Cognitive distortions can alter the way we feel about ourselves in a negative way. They do not reflect real life and only make us feel worse about ourselves.
Are you a glass half full kind of person or do you think that the world is out to get you? Do you ever wonder how some people appear to bounce back from the hardest knocks in life, and yet others fall at the slightest hurdle?
Psychologists believe that it is all to do with our thinking patterns. A well-balanced person will have rational thoughts that are in perspective and give us positive reinforcement when we need it. Those who suffer from cognitive distortions, however, will experience irrational thoughts and beliefs that tend to reinforce the negative ways we think about ourselves.
For instance, a person might submit some work to a supervisor who criticizes a small part of it. But that person will then fixate on the small negative detail, disregarding all other points, whether they are good or excellent. This is an example of ‘filtering’, one of the cognitive distortions where only the negative details are focussed on and magnified over every other aspect.
Here are 12 of the most common cognitive distortions:
1. Always being right
This person cannot ever admit to being wrong and they will defend themselves to the death to prove that they are right. A person that feels this cognitive distortion will go to great lengths to show that they are right and this could involve them prioritizing their needs over others.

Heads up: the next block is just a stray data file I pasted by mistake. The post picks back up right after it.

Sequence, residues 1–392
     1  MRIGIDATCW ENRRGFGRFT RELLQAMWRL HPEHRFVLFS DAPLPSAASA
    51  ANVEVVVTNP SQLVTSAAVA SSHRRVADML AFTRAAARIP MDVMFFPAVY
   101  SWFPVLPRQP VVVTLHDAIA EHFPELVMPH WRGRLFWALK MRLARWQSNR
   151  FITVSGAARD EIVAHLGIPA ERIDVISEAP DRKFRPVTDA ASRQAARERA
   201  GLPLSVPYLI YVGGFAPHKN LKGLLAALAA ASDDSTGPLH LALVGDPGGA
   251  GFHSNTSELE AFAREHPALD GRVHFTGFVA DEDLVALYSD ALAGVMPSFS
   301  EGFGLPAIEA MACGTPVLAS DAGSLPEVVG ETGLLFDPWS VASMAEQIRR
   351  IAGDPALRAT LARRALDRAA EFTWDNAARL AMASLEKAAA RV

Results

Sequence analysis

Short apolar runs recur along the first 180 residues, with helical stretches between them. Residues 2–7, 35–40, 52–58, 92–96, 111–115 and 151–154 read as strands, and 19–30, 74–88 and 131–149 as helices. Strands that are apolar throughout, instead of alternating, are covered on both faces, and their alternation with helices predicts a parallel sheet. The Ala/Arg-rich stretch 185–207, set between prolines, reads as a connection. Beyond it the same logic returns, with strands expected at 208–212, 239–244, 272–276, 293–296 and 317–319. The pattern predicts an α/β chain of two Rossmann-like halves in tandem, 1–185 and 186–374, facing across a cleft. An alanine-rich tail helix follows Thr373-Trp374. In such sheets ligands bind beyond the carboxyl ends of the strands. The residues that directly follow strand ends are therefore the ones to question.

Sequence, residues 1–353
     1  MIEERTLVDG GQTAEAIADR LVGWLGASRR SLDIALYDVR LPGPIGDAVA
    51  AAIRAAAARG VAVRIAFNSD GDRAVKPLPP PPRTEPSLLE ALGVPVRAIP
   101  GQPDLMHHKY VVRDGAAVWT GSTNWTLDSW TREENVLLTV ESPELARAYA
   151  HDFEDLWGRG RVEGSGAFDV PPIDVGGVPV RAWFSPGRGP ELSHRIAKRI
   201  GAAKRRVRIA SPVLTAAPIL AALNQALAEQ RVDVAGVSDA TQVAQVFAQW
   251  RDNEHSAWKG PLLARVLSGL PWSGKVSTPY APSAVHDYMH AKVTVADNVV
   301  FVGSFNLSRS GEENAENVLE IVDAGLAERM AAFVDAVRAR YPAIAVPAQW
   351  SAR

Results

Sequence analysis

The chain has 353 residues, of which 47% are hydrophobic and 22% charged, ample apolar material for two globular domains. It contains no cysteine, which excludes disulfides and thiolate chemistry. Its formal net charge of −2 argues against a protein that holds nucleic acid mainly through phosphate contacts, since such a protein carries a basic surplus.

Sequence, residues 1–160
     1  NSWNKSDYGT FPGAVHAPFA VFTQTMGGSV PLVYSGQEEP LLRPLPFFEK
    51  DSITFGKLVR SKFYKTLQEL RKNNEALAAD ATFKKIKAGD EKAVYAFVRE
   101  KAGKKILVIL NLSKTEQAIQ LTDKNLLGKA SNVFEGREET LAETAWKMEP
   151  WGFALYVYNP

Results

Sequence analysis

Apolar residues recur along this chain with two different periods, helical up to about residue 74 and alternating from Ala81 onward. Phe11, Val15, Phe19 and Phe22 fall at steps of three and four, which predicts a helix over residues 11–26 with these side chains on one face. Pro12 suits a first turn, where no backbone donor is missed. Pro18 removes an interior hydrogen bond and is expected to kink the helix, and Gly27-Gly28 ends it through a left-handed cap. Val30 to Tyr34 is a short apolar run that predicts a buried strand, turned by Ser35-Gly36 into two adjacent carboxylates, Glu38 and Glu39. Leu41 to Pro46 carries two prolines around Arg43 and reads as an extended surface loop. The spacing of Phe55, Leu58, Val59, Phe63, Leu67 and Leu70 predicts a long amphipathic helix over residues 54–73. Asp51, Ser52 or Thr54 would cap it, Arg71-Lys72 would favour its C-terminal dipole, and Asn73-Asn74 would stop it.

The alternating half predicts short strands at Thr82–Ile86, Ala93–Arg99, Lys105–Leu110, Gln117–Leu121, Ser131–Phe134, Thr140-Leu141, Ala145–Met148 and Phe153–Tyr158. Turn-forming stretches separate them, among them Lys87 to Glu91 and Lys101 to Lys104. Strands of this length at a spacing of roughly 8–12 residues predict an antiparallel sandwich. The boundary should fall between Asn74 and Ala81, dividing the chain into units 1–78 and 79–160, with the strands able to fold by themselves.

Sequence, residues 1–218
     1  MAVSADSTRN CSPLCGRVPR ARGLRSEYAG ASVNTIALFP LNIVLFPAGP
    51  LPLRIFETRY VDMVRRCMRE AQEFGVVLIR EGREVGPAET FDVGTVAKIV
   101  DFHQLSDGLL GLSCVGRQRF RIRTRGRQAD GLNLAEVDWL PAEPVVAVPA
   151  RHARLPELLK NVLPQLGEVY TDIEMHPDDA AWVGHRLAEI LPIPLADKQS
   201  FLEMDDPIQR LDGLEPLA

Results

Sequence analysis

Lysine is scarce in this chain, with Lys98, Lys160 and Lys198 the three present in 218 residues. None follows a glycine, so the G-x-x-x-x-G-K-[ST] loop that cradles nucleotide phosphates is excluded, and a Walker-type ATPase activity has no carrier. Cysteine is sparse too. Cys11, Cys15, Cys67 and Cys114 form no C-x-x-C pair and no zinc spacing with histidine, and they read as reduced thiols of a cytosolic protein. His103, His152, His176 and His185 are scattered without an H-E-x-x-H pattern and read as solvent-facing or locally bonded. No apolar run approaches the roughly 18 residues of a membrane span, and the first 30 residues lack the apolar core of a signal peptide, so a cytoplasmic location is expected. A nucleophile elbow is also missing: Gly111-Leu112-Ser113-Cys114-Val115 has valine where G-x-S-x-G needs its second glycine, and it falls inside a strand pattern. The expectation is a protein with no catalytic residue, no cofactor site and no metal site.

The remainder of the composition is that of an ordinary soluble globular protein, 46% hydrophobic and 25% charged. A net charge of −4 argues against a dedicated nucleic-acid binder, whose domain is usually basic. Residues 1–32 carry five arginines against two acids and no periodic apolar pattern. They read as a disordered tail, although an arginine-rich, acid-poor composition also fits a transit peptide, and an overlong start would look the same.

Filtering is where a person filters out all the positive information they have about a situation and concentrates only on the negative aspects. A husband, for instance, might have prepared a meal for his wife and she may have said the beans were slightly overdone for her liking. The husband would then take this to mean the whole meal was awful.
Someone that constantly filters out the good is getting an extremely negative view of the world and themselves.
3. Discounting the Positive
Similar to filtering, this form of cognitive distortion occurs when a person discounts every positive aspect of a situation. This can be an exam, a performance, an event or a date. They will focus solely on the negative parts and will typically find it very difficult to accept a compliment.
A person that will never see the positive side can be a drain on themselves and those around them and may end up alone and miserable.
4. Black-and-White Thinking
There’s no grey area here for a person who acts in terms of black and white thinking. For them, something is either black or white, good or evil, positive or negative and there’s nothing in-between. You cannot persuade a person with this way of thinking to see anything other than two opposite sides to a situation.
A person that only sees one way or the other could be thought of as unreasonable in life.
Have you heard of the phrase ‘Mountains out of molehills’? This kind of cognitive distortion means that every little detail is magnified way out of proportion, but not to the point of catastrophizing, which we will come to later.